B Vitamins May Benefit Ocular Health

April 1, 2009

B vitamins may help prevent age-related macular degeneration in older women, according to The Women's Antioxidant and Folic Acid Cardiovascular Study, the first rigorous study of its kind, published in the Feb. 23 edition of Archives of Internal Medicine (2009;169:335-341).

Key Points

Chicago-B vitamins may help prevent age-related macular degeneration (AMD) in older women, according to The Women's Antioxidant and Folic Acid Cardiovascular Study, the first rigorous study of its kind, published in the Feb. 23 edition of Archives of Internal Medicine (2009;169:335-341).

"Other than avoiding cigarette smoking, this is the first suggestion from a randomized trial of a possible way to reduce early stage AMD," said William Christen, ScD, of Brigham and Women's Hospital, Boston, who led the research. Dr. Christen said the findings should apply to men as well.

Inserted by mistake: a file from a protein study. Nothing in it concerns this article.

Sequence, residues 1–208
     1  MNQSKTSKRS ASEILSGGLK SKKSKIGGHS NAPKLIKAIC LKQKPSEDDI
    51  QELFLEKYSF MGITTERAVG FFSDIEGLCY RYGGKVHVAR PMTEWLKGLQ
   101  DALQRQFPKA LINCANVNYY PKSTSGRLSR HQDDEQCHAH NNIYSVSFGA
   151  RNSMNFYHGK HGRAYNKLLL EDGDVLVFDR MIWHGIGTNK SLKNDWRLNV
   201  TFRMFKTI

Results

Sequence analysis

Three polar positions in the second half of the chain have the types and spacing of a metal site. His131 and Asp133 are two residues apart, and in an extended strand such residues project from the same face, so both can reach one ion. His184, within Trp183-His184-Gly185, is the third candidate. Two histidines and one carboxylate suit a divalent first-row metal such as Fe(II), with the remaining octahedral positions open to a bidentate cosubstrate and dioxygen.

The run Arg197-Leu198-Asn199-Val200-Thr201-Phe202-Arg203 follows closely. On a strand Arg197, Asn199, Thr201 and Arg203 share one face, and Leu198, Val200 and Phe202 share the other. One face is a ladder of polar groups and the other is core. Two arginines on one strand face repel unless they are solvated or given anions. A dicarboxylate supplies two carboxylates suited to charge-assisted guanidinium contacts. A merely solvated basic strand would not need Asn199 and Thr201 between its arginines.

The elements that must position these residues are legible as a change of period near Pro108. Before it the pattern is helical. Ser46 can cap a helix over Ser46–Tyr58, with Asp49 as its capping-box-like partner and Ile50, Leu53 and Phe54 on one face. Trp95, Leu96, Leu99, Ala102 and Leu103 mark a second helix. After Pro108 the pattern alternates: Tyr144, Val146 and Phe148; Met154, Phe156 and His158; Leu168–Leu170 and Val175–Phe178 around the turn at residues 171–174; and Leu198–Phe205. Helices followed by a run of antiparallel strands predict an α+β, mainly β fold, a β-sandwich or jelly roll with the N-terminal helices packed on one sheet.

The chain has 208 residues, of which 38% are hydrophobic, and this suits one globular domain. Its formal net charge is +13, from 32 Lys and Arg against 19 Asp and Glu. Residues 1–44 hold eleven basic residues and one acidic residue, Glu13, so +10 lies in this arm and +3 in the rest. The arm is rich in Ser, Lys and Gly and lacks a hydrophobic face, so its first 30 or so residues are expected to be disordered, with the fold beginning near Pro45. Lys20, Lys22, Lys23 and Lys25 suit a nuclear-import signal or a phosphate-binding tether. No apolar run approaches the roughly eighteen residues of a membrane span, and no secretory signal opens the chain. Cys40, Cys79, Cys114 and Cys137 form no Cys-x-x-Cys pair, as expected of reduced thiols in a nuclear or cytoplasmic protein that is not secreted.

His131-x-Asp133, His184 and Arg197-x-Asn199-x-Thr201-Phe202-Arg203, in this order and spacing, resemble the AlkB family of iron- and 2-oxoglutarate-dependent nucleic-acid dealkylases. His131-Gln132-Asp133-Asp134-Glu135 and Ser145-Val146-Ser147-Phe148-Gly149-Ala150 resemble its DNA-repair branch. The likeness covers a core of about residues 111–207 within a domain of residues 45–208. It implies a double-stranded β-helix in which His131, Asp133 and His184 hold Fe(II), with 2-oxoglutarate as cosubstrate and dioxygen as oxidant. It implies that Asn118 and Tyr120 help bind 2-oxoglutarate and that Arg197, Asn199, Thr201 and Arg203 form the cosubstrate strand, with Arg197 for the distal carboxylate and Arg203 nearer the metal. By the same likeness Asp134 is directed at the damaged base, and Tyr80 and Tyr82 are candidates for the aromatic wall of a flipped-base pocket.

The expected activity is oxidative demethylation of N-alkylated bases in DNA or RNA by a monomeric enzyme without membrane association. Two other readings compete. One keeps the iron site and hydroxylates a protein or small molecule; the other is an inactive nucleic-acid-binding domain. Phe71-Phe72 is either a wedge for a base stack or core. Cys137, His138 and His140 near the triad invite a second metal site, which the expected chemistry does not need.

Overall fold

The study included more than 5,000 women aged 40 years and older who were at risk for development of cardiovascular disease. The participants who were randomized to a combination of B vitamins, i.e., B-6, folic acid and B-12, reduced their risk of AMD by more than one-third after 7 years compared with those who took placebo. Among the women randomized to the B vitamins, 55 cases of AMD developed compared with 82 cases in the placebo group. In the B vitamin group, 26 cases caused substantial vision loss, compared with 44 such cases among those randomized to placebo. However, Dr. Christen pointed out that small number of cases of late-stage AMD did not allow definitive claims about the potential benefit of the B vitamins.